By Lauren Wise
By Anthony Sandoval
By New Times Staff
By Chris Parker
By Glenn BurnSilver
By Lauren Wise
By Jason P. Woodbury
By Chase Kamp
The Blue Meanies make it a practice to sleep with their fans.
"We can't afford hotels, so usually someone puts us up, people in the crowd we happen to meet," says Bill Spunke, the Meanies' 27-year-old lead singer. "Sometimes you luck out and stay with someone who lives in a mansion, and everyone gets their own bed. Other times I've woken up with my head in a litter box."
The Meanies are currently locked into a grueling tour schedule to honor an oath they made to Fuse Records. Earlier this year, the Chicago-based label rescued the "skunk" (ska meets punk) band from the clutches of a dying indie label on the condition that the Meanies "promise to work our asses off." That was nine months ago, and the band has been chewing up asphalt ever since.
Spunke says the band actually thrives on the chaos of a never-ending road trip. That twisted mentality shows in the band's music, which is as rich and fragmented as a Robin Williams monologue. Drawing primarily on ska and punk, the Meanies also toss in strains of metal ("Vote No"), klezmer ("Grandma Shampoo"), polka ("Polka in the Eye") and jazz ("Sunday at My Home")--all at dangerously high speeds. "There's too much clutter in our seven heads to be able to create a song that dawdles on a single path," says Spunke.
Which raises a question: How could a band that makes even Primus seem staid create a listener-friendly product? After a few spins of the Meanies' most recent recording, Kiss Your Ass Goodbye!, the answer becomes readily apparent: morbid curiosity. Just as one would be tempted to stare at a lunatic raging in a dozen self-invented languages, one is drawn to the Meanies' deranged sonic outpouring. The band happily resides on the fringes of what's deemed musically acceptable, or even classifiable. Pressed to describe his band's style, Spunke says he prefers the terms "carnival punk" and "skunk core."
Although Blue Meanies songs are frenetic, blue-collar themes plod heavily throughout the lyrics. "Tread," "An Average American Superhero" and "Johnny Mortgage" all present Spunke's take on the quiet desperation of a working-class nine-to-fiver. Alternating between angry hard-core and lilting reggae, "Tread" is about not letting the daily grind kill your soul. "Ain't gonna let you bring me down on the ground and bury me to my knees," Spunke sings, "pissed in a cup for minimum wage."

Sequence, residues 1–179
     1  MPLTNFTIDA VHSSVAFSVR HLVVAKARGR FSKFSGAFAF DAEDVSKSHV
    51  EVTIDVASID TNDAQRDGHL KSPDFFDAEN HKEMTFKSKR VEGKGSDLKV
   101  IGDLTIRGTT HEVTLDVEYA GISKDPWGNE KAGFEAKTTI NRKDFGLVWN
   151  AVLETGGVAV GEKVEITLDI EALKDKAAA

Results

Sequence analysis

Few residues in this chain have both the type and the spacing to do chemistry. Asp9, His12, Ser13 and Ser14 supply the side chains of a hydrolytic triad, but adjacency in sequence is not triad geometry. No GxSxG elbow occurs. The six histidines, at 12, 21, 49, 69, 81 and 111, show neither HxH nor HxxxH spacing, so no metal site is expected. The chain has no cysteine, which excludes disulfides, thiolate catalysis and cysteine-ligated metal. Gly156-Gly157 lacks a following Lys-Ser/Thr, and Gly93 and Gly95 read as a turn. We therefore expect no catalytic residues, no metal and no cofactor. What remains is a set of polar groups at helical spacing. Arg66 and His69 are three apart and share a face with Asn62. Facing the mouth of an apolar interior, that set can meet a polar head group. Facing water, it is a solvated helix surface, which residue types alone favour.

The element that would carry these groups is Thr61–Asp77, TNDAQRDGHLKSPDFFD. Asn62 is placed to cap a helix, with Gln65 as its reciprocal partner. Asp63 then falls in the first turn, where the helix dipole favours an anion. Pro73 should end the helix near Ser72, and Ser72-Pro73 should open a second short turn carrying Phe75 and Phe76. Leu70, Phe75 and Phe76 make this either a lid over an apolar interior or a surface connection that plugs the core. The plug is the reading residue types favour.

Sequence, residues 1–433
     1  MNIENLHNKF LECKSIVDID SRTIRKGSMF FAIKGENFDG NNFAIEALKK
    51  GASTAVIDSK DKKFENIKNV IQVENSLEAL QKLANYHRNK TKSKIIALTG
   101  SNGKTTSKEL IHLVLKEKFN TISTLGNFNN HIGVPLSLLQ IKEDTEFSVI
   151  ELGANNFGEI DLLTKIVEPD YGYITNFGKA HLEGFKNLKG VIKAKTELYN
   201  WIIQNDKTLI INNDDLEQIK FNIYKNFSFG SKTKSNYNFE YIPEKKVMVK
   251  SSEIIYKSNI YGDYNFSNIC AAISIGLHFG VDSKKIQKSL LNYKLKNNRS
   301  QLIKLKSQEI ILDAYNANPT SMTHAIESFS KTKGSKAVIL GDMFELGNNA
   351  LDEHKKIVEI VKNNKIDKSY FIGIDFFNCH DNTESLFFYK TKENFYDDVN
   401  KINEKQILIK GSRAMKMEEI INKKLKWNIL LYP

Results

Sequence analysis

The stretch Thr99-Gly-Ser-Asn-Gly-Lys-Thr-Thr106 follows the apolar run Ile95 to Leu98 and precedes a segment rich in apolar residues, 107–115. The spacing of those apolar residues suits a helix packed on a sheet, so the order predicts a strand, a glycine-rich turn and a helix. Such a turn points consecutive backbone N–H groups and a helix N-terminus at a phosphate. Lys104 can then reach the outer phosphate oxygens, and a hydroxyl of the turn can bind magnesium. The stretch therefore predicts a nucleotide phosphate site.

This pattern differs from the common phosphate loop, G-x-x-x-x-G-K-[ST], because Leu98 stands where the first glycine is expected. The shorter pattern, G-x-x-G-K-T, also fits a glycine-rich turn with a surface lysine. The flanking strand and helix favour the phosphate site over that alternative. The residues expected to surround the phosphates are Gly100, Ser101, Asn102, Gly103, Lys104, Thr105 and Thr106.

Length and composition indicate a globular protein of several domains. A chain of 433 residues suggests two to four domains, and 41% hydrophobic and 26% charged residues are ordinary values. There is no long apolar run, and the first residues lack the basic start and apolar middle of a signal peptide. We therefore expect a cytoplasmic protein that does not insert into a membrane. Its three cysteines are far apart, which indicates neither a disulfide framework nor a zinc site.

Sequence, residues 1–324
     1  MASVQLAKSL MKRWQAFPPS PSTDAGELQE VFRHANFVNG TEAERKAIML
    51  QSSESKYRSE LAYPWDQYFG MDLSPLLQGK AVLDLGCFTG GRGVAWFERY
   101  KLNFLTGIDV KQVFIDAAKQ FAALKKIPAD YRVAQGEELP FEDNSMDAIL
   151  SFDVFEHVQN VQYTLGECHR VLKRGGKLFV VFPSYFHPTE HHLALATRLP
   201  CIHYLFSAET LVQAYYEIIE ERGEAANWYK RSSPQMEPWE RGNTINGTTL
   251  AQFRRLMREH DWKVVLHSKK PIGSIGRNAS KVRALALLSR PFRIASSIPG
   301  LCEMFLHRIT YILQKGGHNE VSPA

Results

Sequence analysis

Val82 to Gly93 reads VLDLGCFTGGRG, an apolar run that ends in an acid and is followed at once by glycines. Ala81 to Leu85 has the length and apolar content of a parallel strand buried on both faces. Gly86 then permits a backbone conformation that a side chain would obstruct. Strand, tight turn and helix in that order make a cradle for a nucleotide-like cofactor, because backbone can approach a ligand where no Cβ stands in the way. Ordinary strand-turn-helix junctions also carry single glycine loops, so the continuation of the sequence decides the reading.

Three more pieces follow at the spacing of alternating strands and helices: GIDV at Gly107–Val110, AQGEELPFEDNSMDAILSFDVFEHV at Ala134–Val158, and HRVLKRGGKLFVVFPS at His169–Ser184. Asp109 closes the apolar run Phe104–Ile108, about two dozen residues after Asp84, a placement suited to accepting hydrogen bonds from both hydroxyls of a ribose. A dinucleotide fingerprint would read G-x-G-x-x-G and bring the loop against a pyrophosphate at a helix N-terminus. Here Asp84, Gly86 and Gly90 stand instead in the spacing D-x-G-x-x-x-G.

Spunke grew up in what he calls "a middle-class, Archie Bunker-type family" in Chicago. His father worked for the local gas company digging holes for 30 years, and his mother never held down a job until after she gave birth to Spunke's younger sister. Now she's a secretary. The self-described "meathead of the family," Spunke was the only one of his siblings to go to college.
"Spunke" isn't the Meanies' singer's "real" last name. He changed it after two groupies on the run tracked him down.
"They were waiting in my house," he recalls. "I had just come off the road, and there were these two girls talking to my roommates. It turned out I had met them at a show and I'd said, 'If you're ever in Chicago, look me up.' They were actually two runaways. I ended up taking them in for a week--did their laundry for them, cooked them dinner. After the week was over, they went home."
Lately, groupies have been the least of the Meanies' fan-related problems. Because the band dabbles in a wild variety of sounds, its music tends to anger ska purists, known for their feverish devotion to tradition. The consequences can get ugly. "People into punk are generally more open to whatever; they don't care," says Spunke. "But a lot of times ska crowds get militant if you mix a style. Or if you're not playing just ska, they'll walk out on you. Recently, a ska-looking guy took a sling at one of our horn players.
"I don't know if I want to call it a riot," continues the front man, "but there've been times when 30 to 40 people are slinging at each other. I don't mind people moshing and slam-dancing, but I don't think people understand you're not supposed to be hurting each other."
Spunke, who's performed with the Meanies for five years, is the only remaining original member of a band whose history is as convoluted as a Tolstoy novel. The Blue Meanies were born at Southern Illinois University in Carbondale, where Spunke and a group of other musicians got together in 1990 and named themselves after the villainous animated characters in the Beatles movie Yellow Submarine. Weary of the Carbondale scene, they soon packed up their amps and moved to Chicago, where they added a horn section and guitar player to their rock lineup.
Thus began the rocky road to minor success, which proved too rocky for all the initial Meanies but Spunke. At one point about two years ago, the band splintered and Spunke moved to New Orleans. Keyboardist Chaz Linde, trumpet player Jimmy Flame and sax man John Paul Camp III kept the gears grinding by luring drummer Bobby Taco and bassist Dave Lump away from a ska group in Madison, Wisconsin. Guitarist Mike Pearson, a friend of Camp's from college, also joined the fold. Two weeks before the new Meanies hit the road, Spunke returned to Chicago for a cram session with the new lineup.
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